While it is certainly true that the EU as an international institution was meant to foster cooperation between member states, realism can explain well why that did not occur during the refugee crisis. Sovereign states were the entities reacting to the crisis because in times of emergencies states always act in their self-interest. Moreover, they do not follow normative considerations, particularly when they derive from international institutions not domestic ones. The EU itself is lacking a strong sovereign leader and hence could not consolidate a singular position. When discussing the refugee crisis, member states followed realist principles and preferred to maintain their sovereignty (Hellman, 2016: 4). Some realist scholars like Waltz go even further, arguing that because of the European Union’s lack of sovereignty it is of no interest to IR: “Europe will only become interesting when it forms a genuinely unified sovereign country” (idem: 5). The refugee crisis could have brought European integration, but it did the opposite, precisely because member states wanted to vigorously keep their sovereignty. Thus, realism is well suited to contextualize the lack of European cooperation in response to the crisis as well as the “erosion” of the EU. Founded on shared principles and values (i.e. tolerance, human rights, solidarity) the project was doomed to fail because of the anarchy of the international system and the unfeasibility of cooperation. No realist is surprised that the international community and the EU were unable and unwilling to respond collectively to the worst refugee crisis since WW II. Even Jean-Claude Juncker, the President of the European Commission, resented the inability of the European Union to respond to the crisis at a panel discussion in Rome: “In former times, we were working together […]. This has totally gone.” While proponents of the EU might argue that the refugee crisis was a singular incident highlighting a lack of willingness to work together, realism suggests that the envisioned cooperation was never feasible in the first place. One example which emphasizes that international cooperation does not work in the long-term is the suspension of the Schengen agreement during the refugee crisis. Furthermore, the European Union is facing historic challenges: the increasing support of far-right parties, historic unemployment in some member states, Brexit, and a persistent questioning of European identity and values. According to realism, none of these challenges can be solved through international cooperation. In the contrary, they might even be a result of an international organization which acts on normative grounds without any form of sovereignty. Any organization which lacks legitimacy and the ability to act in concert can only be described as weak. Even threats of the EU to withhold EU transfers to member countries not taking in their fair share of refugees had virtually no impact (Funk, 2016: 295). That is why during the refugee crisis Germany was forced to respond as a sovereign state without putting any trust into the assistance of other states or the institutions of the European Union. Hence, Merkel’s attempt to work towards a European solution was not only naive but impossible to achieve in an anarchic international system (Hellmann, 2016: 15).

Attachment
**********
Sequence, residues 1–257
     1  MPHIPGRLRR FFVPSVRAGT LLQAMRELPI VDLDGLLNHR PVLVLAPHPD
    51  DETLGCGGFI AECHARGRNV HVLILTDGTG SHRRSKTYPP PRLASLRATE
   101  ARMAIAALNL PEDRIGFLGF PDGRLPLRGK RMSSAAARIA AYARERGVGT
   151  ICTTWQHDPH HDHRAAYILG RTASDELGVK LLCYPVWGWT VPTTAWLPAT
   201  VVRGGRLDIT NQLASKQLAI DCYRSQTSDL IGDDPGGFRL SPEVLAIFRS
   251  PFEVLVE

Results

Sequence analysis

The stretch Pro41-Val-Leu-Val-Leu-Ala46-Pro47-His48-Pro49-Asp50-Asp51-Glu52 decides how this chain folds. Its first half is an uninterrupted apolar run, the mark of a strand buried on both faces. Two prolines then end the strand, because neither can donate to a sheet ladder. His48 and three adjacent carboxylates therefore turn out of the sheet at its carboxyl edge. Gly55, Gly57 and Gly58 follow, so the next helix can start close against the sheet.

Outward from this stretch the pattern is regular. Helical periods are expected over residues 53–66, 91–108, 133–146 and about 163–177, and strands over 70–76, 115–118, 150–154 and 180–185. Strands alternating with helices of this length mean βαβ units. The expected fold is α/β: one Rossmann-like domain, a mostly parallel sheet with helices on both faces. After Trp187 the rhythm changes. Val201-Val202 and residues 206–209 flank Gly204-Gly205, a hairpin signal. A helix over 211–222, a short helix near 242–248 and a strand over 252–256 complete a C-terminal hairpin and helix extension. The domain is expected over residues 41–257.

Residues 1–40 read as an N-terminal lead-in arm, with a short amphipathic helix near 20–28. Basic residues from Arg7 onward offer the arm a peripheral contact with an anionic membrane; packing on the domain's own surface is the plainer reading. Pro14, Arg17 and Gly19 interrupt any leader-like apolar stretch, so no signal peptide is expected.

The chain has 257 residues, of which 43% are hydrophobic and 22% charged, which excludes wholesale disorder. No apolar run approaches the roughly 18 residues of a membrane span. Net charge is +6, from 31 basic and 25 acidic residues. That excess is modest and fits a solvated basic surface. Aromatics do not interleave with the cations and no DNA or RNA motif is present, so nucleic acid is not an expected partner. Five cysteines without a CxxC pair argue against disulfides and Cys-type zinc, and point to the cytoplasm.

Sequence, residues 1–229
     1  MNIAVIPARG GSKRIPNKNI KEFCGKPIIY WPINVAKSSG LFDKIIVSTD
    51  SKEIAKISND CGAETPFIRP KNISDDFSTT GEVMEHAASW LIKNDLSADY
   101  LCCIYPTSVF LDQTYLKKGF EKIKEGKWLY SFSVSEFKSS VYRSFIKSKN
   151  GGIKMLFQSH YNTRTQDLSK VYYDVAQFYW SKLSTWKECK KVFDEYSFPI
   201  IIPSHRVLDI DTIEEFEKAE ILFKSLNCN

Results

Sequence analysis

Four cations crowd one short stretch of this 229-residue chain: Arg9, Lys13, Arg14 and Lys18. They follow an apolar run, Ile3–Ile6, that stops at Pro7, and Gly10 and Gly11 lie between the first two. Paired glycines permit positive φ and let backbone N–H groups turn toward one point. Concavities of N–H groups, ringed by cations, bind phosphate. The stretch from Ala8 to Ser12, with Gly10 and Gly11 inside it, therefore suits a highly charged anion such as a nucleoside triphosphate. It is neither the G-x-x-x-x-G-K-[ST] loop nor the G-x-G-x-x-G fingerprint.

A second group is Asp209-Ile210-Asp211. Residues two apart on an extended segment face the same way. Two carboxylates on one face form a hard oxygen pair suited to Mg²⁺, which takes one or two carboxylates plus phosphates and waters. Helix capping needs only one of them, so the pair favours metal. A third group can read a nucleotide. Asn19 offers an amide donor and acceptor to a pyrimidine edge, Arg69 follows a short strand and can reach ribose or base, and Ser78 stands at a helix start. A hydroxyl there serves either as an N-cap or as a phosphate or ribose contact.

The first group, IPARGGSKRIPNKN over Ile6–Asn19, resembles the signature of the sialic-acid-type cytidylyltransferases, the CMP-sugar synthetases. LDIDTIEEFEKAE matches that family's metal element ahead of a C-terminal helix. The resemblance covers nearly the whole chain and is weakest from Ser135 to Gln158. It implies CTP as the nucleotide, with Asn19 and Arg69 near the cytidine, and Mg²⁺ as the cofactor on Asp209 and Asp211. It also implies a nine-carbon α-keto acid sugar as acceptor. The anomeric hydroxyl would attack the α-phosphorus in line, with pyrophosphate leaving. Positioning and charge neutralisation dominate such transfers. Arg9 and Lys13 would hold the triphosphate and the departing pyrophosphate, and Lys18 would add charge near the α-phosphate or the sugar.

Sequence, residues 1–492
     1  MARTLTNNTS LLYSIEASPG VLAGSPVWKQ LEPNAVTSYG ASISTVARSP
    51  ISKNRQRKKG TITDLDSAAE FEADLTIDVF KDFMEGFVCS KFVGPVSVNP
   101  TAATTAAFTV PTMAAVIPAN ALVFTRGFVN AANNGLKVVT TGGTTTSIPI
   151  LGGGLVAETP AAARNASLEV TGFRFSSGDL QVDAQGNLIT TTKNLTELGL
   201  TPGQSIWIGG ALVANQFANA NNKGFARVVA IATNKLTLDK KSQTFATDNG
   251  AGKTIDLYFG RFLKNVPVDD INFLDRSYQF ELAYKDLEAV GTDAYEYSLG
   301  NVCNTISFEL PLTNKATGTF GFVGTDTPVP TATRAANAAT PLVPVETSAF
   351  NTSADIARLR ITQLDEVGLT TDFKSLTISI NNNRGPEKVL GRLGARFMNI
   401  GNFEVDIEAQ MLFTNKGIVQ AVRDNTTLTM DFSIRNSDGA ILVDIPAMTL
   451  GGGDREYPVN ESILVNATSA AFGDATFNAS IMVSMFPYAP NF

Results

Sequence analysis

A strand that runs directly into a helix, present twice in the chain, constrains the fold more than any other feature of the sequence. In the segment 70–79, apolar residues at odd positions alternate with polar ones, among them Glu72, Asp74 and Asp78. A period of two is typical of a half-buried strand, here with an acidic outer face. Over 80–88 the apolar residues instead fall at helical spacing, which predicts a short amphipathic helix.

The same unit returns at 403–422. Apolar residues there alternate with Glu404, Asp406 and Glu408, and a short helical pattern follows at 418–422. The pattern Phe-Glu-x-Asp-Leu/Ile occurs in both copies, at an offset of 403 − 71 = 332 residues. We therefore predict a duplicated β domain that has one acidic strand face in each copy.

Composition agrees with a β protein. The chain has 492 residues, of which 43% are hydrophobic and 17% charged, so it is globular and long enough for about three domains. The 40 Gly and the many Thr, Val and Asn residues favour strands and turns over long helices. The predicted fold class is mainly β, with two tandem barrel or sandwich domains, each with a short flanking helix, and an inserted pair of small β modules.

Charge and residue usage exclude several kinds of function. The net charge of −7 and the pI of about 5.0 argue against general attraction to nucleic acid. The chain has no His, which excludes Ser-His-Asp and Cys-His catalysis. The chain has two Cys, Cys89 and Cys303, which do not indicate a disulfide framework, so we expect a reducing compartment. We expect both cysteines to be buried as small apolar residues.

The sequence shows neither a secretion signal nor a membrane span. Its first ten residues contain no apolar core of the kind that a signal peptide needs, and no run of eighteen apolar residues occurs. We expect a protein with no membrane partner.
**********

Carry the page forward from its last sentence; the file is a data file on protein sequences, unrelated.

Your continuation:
Realism suggests that states always act based on their self-interest to strengthen and increase their power. Thus, Merkel’s refugee response could have been underlined by just that, Germany’s national interest. It can be explained as an attempt to solidify its leadership in Europe. Germany’s response to the refugee crisis reinforced Chancellor Merkel’s image as the leader of Europe. In the months after the decision to implement an “open-border policy,” she was even frequently called the “leader of the free world” by the international media. Following the decision, Germany was perceived as becoming a “global player,” increasing its power in the international system (Steinmeier, 2016). However, it is important to note that this understanding of power is more sensitive to human security and based on moral humanitarian action not military strength. Thus, it stands in sharp contrast to a realist definition of power. Nevertheless, realist theory provides a compelling explanation of Germany’s push for an EU-wide solidarity solution to the refugee crisis. It might have been an attempt to strengthen the country’s leadership in the region and to “mold European institutions, processes, and decisions to serve its interest and preferences” (Hellmann, 2016: 9).